Up until 2017, electricity consumers throughout the rest of Kosovo had to cover the cost of the unpaid electricity in the north. On average, electricity bills were 3% higher across the rest of the country to make up for the losses. But in 2017 a court decision declared it illegal to force customers to cover the shortfall, and the responsibility for covering the costs fell to KOSTT. They’ve responded by going into debt and relying on periodic subsidies from the government to manage.

“The government of Kosovo has subsidized KOSTT 10 million euros in order to supply the northern part of Kosovo, and we have given an additional 32 million to that because the electricity price went up during the winter. And we have all this evidence in our records,” said Kadriu, speaking about the situation since 2017.

A recent report from the Prishtina-based policy think tank GAP Institute says that “these multimillion payments made over the years have had a large impact on the energy market in Kosovo,” and that it is putting a financial strain on KOSTT and the public budget.

In November 2021, KOSTT announced that they would cease providing free electricity to those residing in the north, but no action was taken.

“We have to solve this,” Kadriu said. “KOSTT is supplying the northern part of Kosovo with electricity. We are paying 100% for the electricity for the northern part of Kosovo today.”

With an apparent breakthrough on this now decades-old impasse, K2.0 breaks down the various sticking points, political controversies and financial headaches associated with 20-plus years of contention around electricity and the north of Kosovo.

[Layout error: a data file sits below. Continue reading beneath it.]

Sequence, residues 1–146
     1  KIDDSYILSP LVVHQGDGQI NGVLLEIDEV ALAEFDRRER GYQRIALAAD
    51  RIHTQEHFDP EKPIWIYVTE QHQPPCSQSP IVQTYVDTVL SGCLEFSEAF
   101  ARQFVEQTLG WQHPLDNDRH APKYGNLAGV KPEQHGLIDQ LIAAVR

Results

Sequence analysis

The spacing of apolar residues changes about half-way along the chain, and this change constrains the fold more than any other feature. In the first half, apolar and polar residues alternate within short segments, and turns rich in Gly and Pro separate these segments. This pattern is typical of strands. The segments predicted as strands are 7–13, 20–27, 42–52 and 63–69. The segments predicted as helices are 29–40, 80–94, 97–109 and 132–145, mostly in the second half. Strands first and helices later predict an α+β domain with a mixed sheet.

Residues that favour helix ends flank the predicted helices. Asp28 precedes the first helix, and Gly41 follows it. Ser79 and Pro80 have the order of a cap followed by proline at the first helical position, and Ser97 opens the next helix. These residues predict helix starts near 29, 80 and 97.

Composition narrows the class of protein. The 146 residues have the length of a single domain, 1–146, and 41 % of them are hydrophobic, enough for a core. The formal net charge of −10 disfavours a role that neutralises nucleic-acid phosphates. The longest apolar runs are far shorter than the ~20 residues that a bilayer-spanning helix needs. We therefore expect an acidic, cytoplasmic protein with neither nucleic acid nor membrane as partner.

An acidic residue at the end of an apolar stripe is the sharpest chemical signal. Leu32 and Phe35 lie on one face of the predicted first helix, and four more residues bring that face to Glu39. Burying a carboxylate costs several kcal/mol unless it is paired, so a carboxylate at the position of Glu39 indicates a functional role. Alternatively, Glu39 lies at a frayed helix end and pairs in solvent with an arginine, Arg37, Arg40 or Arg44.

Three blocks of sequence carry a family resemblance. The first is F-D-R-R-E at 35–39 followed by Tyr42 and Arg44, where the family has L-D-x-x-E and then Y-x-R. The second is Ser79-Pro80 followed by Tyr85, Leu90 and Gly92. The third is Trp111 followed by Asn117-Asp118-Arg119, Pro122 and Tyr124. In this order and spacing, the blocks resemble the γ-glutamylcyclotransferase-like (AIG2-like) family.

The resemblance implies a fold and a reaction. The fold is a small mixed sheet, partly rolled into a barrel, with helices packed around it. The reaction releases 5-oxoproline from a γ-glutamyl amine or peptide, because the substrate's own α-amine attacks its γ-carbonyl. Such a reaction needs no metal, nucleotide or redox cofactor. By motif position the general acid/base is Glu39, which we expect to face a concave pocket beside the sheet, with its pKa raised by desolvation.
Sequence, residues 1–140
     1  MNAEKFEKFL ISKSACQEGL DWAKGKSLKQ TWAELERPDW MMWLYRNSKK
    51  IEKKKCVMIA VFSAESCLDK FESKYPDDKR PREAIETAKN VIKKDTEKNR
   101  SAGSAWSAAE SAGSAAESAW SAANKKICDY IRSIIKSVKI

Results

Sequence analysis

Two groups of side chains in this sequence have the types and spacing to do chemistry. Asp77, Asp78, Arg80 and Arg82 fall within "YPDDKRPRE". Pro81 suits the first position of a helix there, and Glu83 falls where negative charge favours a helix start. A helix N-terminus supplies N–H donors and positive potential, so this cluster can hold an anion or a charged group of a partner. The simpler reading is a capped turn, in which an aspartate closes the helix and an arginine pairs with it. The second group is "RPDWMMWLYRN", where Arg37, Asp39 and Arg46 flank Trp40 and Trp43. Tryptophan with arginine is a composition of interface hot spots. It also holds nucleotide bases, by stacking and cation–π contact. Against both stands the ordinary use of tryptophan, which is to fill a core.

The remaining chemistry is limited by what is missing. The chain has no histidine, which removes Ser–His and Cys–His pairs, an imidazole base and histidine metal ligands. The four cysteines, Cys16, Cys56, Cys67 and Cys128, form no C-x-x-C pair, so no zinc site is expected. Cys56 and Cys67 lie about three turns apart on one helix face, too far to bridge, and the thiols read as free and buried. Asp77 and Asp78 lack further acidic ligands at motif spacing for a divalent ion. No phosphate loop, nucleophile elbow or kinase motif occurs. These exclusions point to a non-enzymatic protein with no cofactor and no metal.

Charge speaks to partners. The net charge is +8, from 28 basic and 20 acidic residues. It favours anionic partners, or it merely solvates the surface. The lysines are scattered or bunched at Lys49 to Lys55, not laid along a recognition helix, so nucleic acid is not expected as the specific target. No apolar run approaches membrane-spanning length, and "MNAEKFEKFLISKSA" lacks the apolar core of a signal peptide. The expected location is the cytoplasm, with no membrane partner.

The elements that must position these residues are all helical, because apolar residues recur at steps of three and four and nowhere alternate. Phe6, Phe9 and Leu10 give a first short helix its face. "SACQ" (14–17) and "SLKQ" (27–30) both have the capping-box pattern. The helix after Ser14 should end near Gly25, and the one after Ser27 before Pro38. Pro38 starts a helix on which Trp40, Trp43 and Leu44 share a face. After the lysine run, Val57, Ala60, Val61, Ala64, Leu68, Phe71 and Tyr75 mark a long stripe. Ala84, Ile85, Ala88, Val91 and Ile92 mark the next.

The view from the north

The fact that most people living in the four Serb-majority municipalities in the north of Kosovo haven’t paid their electricity bills since 1999 frequently draws scorn from the rest of the country.

Milan Dobrić, a photographer who lives in North Mitrovica, said that Serbs living in the north of Kosovo are even criticized by people in Serbia. “Some of them think that we live in heaven because we don’t have to pay,” Dobrić said.

Dobrić noted that public employees in the Serbian parallel system in Kosovo sometimes receive salaries that are 30% to 50% more than equivalent jobs in Serbia. “That’s how [the Serbian government] wants to support people living here, to subsidize us basically,” said Dobrić.

"They didn’t necessarily demand free electricity, but it just sort of happened."

Caleb Waugh, NGO Aktiv

K2.0 interviewed a number of civil society representatives in North Mitrovica and most expressed frustration about how Kosovo Serbs have remained voiceless in an issue that affects them most. Caleb Waugh, an American who works as the head of practical policy for the North Mitrovica-based NGO Aktiv, and who has lived in North Mitrovica for almost a decade, said, “What is lost in all of this is the perspective of the average citizen, which is that they didn’t necessarily demand free electricity, but it just sort of happened.”